BANYAN DAYS were meatless days in the diet of seamen in the English Navy, so called from the name of Hindu merchants noted for their abstinence from eating flesh.
The custom was introduced during the reign of Queen Elizabeth I to economize on the cost of meat, fish or cheese were issued on banyan days in place of salt meat.
Definition from The Oxford Companion to Ships and the Sea
An example of a naval custom that continues to evolve over the years is the banyan. The term originates from the 'banian', a garment worn by an East Indian sect who neither kill nor eat meat. The custom of having banyans began in the 18th century as an austerity measure. The British navy, to save money, denied its sailors meat on Mondays, Wednesdays, and Fridays. These days were known as banian (or Banyan) days. In modern times, naval banyans are anything but austere.
A banyan is a special kind of navy party. In spite of the changing nature of the banyan, there are three constants: it is always a fun occasion, it is held outdoors, and the emphasis is on good food, good drink and good friends - something along the lines of an old-fashioned picnic. Nowadays, a banyan is a barbecue or party, usually with steaks and beer.
The idea of parties ashore in rather isolated locations continued, particularly in training squadrons, well into the 1950s. After a week of strenuous training exercises, watch and watch about, day and night, frigates such as HMCS BEACON HILL and HMCS ANTIGONISH would send all but the watch ashore in Bedwell Harbour or near Port Hardy in British Columbia waters for a banyan of beer and burgers. In such places there were no distractions, and sailors under training were unlikely to get into trouble.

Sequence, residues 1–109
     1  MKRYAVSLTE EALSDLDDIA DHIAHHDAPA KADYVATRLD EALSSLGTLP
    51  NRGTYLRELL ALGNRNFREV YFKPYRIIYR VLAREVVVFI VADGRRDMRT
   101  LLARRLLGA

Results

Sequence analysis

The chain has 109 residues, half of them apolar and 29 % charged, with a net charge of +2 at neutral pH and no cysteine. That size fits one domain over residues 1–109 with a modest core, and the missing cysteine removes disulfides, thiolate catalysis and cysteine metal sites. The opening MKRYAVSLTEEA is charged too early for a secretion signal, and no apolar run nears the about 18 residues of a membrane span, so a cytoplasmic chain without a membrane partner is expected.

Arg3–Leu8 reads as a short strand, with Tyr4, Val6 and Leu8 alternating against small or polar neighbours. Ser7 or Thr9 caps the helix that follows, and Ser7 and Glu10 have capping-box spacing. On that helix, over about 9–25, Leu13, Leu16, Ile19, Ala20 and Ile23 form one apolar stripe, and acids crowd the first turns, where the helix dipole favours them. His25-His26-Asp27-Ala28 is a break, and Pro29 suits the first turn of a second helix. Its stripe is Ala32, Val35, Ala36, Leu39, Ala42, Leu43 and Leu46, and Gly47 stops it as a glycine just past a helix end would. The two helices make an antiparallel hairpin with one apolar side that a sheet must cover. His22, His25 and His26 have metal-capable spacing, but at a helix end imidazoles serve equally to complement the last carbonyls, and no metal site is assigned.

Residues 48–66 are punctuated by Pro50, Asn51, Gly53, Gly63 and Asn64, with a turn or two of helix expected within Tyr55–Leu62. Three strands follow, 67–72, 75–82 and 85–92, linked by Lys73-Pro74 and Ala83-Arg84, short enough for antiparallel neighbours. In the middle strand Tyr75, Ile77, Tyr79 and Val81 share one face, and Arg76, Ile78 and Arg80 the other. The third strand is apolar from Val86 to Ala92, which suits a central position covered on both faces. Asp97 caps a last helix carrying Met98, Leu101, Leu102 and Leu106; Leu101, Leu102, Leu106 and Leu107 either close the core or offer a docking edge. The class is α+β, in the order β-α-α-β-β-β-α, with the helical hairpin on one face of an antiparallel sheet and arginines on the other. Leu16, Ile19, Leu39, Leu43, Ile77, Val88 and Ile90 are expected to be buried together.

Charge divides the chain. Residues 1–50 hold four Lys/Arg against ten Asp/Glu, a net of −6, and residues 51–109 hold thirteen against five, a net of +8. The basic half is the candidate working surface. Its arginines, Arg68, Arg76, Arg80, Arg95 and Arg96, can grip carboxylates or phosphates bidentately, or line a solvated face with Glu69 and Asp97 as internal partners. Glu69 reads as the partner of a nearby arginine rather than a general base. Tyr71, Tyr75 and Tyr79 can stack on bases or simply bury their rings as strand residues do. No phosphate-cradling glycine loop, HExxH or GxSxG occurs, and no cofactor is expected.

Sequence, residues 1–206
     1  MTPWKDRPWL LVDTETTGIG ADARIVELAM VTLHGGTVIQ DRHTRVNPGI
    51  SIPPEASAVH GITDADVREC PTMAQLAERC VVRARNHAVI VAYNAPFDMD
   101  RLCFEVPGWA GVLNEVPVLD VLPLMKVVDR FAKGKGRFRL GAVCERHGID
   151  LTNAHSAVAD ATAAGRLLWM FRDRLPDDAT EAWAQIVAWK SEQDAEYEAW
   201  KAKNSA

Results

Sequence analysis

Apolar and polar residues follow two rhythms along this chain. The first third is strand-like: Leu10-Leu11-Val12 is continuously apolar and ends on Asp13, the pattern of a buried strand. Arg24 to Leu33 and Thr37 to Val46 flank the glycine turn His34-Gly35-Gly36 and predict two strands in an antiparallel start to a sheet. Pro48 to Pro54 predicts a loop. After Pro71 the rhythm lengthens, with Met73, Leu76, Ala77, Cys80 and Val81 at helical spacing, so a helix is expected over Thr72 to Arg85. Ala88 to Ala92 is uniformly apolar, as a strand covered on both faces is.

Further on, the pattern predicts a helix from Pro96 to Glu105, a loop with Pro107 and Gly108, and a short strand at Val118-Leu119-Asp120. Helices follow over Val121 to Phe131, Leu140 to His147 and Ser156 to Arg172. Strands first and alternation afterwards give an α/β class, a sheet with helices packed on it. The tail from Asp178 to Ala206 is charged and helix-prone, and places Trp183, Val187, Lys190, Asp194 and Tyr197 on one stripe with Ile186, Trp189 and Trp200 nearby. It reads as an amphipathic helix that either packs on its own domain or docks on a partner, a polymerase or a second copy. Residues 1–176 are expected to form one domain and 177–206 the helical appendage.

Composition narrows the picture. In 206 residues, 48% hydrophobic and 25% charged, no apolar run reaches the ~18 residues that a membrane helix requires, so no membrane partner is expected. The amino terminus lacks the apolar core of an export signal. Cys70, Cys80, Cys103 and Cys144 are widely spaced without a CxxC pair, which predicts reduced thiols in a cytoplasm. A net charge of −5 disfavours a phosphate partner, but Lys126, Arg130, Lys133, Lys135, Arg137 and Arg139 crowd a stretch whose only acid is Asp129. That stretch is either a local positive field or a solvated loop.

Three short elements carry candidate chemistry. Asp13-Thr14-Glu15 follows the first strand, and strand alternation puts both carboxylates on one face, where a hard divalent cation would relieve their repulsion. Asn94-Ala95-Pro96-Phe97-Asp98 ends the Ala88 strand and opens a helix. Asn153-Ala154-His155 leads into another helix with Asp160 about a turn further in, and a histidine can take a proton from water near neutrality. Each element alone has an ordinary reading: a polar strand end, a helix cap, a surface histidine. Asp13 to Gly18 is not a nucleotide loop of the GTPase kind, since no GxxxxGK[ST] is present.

In 1971, when Her Majesty the Queen was in British Columbia waters in HM Yacht Britannia, the Royal Family, en route from Powell River to Comox, put ashore in Stag Bay for a quiet picnic. This allowed one of the escorts, the destroyer HMCS QU'APPELLE, a bit of relaxation. After a full day of activities, including a fishing derby, crab hunting and oyster picking, all hands enjoyed a quarterdeck banyan of steaks and broiled oysters.
While sailors always look forward to getting ashore, the banyan, owing to social and technological advances, may be changing. Sailors today tend to be better educated and more sophisticated than their predecessors. As a result, and in spite of the attractions of big city ports, banyan-like parties today are often held right aboard ship, even in harbour.
Even submariners, with their restricted upper deck, have been known to enjoy the occasional banyan. Providing the sea is quiet, to avoid someone being washed overboard from the narrow casing, a half oil drum can barbecue the most tasty steaks to be downed with a cool beer beneath a sunny sky.
Finally, there is a more recent new twist to the banyan, as evidenced by the experience of the ship's company of HMCS PRESERVER. Traditionally, the banyan has always been a self-starter, the initiative coming from within the ship.
In 1974, when PRESERVER landed many tons of supplies as a gift from Canada to the people of an isolated parish in Haiti, the Haitians responded by joining PRESERVER's company in one tremendous banyan on a nearby island. The party featured calypso music and folk dancing as well as the ship's band, a very colourful scene under gasoline-generated lighting rigged by the ship's electricians.